• Gagging, drooling
  • Loss of or decreased appetite
  • Nasal and oral ulcers
  • Squinting or rubbing the eyes
  • Lethargy
  • Hoarseness
  • Fever

3. Dental Disease

Dental disease can affect both the teeth and gums and is incredibly common in cats, especially those middle-aged and older.  Studies have shown that anywhere between 50 and 90 percent over the age of four years will suffer from dental disease. Dental disease is a preventable condition and treatable if caught early on, though it can get severe if left untreated.

The most common types of dental disease in cats include gingivitis, periodontitis, and tooth resorption. All types of dental diseases can be very painful and cause a great deal of discomfort. In some cases, it will inhibit chewing, swallowing, and eating and may even result in loss of teeth.

Talk to your veterinarian about the best way to prevent dental disease since cats are highly susceptible. Severe dental disease can result in hefty veterinary bills, as dental cleanings require imaging, and anesthesia and may require tooth extractions.

Associated Symptoms:

  • Head shaking
  • Pawing at the mask
  • Dropping food from the mouth
  • Difficulty swallowing
  • Excessive drooling
russian blue cat sitting near the window
Image Credit: Beate Felten-Leidel, Pixabay

4. Heart Disease

Heart disease occurs with any abnormality within the heart. Heart disease can affect as many as 1 in 10 cats worldwide, according to the American Veterinary Medical Association. Heart disease is a very serious and potentially life-threatening condition that can be broken down into two separate categories:

Congenital- congenital heart disease is typically the result of developmental issues with the heart during the development of the fetus. This type of heart disease may affect only one kitten within a litter but can also be caused by inherited health disorders that affect more than one kitten in the litter.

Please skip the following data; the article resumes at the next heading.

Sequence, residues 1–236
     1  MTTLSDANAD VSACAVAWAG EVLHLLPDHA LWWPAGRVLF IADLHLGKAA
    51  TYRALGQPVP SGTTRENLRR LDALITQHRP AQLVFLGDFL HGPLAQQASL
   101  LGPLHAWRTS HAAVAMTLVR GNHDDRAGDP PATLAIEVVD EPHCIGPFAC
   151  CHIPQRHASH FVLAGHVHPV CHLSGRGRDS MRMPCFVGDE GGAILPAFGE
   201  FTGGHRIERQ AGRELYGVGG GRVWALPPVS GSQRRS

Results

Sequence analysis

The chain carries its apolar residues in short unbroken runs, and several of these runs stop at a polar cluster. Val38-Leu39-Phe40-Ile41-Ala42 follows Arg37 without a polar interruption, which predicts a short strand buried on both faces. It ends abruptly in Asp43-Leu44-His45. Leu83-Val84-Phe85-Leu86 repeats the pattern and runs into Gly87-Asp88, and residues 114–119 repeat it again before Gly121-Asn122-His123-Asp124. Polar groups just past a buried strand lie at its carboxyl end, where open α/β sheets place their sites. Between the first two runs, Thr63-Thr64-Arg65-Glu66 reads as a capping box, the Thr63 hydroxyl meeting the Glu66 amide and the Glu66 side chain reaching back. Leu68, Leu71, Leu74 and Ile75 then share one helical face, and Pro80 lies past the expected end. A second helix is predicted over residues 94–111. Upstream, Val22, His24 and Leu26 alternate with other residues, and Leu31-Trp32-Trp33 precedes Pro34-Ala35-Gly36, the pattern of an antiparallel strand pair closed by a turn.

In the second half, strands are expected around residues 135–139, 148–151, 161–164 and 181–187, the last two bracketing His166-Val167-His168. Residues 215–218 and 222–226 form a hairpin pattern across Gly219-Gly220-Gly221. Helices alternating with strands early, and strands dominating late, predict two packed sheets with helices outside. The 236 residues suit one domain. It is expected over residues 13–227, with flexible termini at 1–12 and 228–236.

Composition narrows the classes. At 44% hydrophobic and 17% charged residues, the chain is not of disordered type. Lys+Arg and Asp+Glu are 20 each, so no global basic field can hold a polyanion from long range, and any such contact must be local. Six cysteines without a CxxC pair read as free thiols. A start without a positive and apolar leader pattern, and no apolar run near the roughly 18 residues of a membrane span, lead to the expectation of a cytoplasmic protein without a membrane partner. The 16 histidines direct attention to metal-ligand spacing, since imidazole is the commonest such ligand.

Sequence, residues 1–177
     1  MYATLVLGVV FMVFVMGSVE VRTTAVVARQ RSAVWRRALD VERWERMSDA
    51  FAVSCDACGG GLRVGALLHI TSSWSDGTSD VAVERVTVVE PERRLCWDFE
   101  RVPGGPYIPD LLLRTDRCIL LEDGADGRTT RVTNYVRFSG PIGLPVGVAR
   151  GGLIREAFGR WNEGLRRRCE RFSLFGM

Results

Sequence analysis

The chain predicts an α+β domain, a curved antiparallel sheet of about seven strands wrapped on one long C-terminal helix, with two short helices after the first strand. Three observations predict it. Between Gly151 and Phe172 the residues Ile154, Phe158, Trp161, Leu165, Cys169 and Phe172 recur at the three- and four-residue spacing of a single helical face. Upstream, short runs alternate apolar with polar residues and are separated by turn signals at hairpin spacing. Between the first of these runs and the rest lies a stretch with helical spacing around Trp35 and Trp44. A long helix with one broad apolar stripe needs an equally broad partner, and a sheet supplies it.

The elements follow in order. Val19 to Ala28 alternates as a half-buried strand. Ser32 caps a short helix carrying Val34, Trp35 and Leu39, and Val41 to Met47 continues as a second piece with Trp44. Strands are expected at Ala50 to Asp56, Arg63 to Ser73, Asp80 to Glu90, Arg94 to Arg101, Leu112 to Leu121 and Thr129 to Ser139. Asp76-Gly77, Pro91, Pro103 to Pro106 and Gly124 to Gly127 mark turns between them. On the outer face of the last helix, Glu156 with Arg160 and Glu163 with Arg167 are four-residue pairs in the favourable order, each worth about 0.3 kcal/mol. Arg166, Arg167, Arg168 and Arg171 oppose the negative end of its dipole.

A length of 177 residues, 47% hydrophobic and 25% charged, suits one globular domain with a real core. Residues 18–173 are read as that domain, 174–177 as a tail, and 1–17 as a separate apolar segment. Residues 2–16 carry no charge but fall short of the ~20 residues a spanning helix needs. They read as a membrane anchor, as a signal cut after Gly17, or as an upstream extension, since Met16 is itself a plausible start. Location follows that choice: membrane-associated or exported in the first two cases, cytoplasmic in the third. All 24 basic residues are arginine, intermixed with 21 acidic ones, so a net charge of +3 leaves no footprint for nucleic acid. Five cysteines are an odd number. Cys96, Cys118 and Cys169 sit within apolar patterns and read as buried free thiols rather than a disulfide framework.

Acquired- Acquired heart disease is the onset of heart disease as the resulting damage to the heart. This can be due to an inherited health condition that developed over time. Hypertrophic cardiomyopathy is the most common form of heart disease observed in cats.

Associated Symptoms:

  • Lethargy
  • Weakness or lack of activity
  • Shortness of breath or difficulty breathing
  • Sudden paralysis of the hindquarters
  • Fast breathing while resting
  • Fainting and/or collapse
  • Chronic coughing
  • Regularly elevated heart rate

5. Diabetes

Diabetes, known scientifically as diabetes mellitus is a disease of the endocrine system that occurs when blood sugar can no longer be effectively regulated by the body. The condition is most common in adult and senior cats, and males tend to have a higher incidence overall. Diabetes is on the rise in cats and other companion animals, as it is a health condition that can result from chronic obesity. Low-quality diets that are high in carbohydrates are a common cause of feline diabetes.

Diabetes must be diagnosed, managed, and monitored by a veterinarian. This disease can have a severe impact on your cat’s quality of life and can shorten its lifespan. There are two different types of diabetes, Type I and Type II, with Type II being the most common in domesticated cats.